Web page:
To unravel the issue that surrounds the idea of representation in politics, one must delve deep into the history of social structures that were centred on power. History provides us with the information that men held positions of power over women. In a tribe or a group of people, a select individual or a group of individuals were selected as leaders and these individuals were the males who were deemed worthy of leading the clan. In many historical stories, it is quite easy to spot the importance put on the segregation of duties when it came to politics and running a state on the basis of gender.
Even at present, we are accustomed to having a male family member, be it the father or the brother, as the head of the family. This patriarchal thinking is not only entrenched in our familial lives, but it has successfully ensured that this way of thinking will continue to exist through oppressive practices in our contemporary society. This practice also makes it impossible to account for differences when it comes to the enormous gender spectrum that exists and informs us that our existence is not and should not be limited to binaries, especially when it comes to gender and sexuality.
Hence, the divide that exists when it comes to male and female representation in politics not only provides us with proof regarding female under-representation, but it also urges one to consider the implications of the lack of representation when it comes to including the communities in a nation that do not adhere to the gender binaries.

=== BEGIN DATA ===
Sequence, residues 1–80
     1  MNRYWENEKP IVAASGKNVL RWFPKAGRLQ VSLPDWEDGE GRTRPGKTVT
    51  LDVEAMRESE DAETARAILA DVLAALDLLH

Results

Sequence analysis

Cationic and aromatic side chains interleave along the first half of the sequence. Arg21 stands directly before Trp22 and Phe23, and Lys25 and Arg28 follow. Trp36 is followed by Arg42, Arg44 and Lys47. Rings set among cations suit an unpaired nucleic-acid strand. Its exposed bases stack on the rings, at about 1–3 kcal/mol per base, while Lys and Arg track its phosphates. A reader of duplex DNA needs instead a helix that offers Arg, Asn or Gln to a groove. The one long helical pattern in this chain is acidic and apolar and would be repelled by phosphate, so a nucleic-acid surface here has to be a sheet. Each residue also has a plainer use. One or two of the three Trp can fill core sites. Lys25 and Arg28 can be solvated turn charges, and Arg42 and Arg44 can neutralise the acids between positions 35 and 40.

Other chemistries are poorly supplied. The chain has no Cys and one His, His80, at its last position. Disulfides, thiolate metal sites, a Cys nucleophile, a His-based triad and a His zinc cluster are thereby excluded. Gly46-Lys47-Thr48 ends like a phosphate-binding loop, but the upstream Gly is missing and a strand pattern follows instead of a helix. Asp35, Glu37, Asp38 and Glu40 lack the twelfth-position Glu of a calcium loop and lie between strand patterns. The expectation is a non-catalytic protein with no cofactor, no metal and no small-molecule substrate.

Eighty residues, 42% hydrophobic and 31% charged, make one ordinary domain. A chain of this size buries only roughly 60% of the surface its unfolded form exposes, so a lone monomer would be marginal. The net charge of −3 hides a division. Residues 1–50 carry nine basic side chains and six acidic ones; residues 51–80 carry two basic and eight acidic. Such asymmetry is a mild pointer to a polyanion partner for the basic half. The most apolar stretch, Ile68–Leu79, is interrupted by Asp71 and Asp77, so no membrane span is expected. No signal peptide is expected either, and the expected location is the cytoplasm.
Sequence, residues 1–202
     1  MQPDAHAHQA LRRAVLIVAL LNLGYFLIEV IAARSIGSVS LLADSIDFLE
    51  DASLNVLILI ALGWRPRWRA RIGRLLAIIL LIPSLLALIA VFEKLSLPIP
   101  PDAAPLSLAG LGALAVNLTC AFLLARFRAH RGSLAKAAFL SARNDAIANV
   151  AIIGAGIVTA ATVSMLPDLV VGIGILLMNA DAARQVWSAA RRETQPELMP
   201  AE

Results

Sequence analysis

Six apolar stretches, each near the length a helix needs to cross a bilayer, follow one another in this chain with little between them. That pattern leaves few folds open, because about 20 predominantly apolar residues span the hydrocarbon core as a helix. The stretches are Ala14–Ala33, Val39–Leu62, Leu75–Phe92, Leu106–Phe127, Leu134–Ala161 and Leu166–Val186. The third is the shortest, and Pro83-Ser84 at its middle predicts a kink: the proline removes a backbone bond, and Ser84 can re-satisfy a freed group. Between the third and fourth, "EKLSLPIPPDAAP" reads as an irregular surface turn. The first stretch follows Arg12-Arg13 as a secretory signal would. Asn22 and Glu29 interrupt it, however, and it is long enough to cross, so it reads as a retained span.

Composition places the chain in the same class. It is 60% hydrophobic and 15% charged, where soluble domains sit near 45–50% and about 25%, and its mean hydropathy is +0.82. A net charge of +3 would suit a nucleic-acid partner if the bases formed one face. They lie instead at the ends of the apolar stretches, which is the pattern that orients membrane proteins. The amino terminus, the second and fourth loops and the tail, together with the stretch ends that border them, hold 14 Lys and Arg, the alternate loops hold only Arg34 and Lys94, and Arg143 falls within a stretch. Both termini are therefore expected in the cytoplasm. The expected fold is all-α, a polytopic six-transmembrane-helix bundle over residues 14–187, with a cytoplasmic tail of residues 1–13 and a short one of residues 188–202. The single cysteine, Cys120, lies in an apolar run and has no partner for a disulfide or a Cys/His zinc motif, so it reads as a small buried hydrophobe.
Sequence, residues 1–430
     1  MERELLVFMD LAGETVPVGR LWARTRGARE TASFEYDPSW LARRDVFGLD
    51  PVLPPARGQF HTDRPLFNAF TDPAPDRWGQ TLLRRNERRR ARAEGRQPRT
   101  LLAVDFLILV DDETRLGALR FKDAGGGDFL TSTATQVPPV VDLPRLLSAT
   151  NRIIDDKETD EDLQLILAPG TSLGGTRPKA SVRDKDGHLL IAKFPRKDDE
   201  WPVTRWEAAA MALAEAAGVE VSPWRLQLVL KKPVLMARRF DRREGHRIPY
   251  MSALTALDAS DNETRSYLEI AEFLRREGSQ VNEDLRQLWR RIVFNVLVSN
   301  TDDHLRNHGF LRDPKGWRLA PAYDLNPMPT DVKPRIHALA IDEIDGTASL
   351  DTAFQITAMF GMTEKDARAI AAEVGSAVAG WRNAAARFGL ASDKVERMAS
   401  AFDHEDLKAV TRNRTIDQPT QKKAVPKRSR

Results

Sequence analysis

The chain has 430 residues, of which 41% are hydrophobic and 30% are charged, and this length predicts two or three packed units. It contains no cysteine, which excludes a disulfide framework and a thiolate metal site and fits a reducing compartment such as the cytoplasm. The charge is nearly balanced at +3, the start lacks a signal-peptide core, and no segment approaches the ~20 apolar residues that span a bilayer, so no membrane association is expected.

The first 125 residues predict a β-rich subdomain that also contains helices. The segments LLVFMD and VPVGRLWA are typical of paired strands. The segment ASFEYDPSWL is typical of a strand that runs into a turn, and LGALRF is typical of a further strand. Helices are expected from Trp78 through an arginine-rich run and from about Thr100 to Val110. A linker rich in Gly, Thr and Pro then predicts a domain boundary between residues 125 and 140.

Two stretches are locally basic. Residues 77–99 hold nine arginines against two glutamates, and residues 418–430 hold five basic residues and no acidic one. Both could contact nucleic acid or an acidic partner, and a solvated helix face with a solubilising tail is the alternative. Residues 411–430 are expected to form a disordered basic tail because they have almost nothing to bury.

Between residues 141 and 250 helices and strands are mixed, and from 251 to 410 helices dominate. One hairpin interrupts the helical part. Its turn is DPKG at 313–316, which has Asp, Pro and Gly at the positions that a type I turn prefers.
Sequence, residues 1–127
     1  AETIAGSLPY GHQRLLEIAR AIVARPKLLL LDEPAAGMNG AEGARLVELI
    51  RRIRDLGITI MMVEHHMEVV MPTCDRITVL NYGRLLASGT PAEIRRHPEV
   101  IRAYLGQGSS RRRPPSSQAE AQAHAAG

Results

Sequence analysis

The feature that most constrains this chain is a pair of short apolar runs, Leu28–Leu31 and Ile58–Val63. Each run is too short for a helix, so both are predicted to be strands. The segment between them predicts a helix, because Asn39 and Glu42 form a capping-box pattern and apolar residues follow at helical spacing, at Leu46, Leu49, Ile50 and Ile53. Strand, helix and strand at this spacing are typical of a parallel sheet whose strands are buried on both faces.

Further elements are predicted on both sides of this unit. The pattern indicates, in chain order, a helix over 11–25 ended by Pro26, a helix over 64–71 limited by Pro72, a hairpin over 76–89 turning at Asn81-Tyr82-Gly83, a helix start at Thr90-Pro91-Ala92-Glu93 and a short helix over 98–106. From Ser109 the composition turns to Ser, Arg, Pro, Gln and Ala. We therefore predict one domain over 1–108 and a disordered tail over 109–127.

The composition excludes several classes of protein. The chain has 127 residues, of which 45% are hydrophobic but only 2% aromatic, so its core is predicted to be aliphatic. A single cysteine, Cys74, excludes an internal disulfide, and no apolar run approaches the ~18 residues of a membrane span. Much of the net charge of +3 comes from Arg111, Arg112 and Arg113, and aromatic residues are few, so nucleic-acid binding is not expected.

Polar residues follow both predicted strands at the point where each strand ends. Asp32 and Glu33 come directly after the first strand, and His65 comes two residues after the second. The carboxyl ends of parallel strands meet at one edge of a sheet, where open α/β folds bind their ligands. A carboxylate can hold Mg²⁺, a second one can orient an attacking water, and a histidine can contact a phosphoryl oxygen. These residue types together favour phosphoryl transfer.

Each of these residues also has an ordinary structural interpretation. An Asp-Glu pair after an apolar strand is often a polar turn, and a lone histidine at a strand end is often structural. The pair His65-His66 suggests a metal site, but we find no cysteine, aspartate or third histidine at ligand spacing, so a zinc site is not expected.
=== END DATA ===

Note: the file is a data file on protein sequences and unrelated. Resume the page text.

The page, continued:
Now to address the under-representation of women in politics in India also forces us to acknowledge the gender gap and how it is that one of the world’s greatest democratic countries has failed to actively and equally represent women despite reservations that exist to ensure female participation in politics. India ranked 140 out of 156 according to the World Economic Forum’s Global Gender Gap Index 2021. Indian society is infamous for its sexist, misogynist and patriarchal thinking which makes it difficult for women to thrive in politics.
Political figures such as Mamata Banerjee and Sonia Gandhi often face backlash and are subjected to crude and sexist comments. One such instance was when Congress Leader Digvijaya Singh in 2013, made a comment against Rahul Gandhi's aide Meenakshi Natarajan, calling her "sau tunch maal" - a slang used in North India to tease women. He tries to justify that the comment was meant as a compliment but it becomes clear that women are never respected and taken seriously when they occupy any position of power.
A recent example was when Lathika Subhash shaved her head to protest against the Congress Party when she was not given a ticket for state elections in Kerala. Her action was a tool to bring into light the lack of representation of women in politics.
Image: The Economic Times.
The most common assumption of such patriarchal thinking is that girls and women are not fit for any positions of power, they are only to become wives and perform their ‘homely’ duty of keeping their husbands happy and taking family heirloom further. India is a country where gender inequality is a major issue despite all the reservations made to bridge the gap. As long as the Indian society is burdened by the patriarchal ideology, reducing the disparity that exists due to gender inequality seems almost impossible.
Written by: Shreya Mukherjee
Edited by: Those Archaic Flaws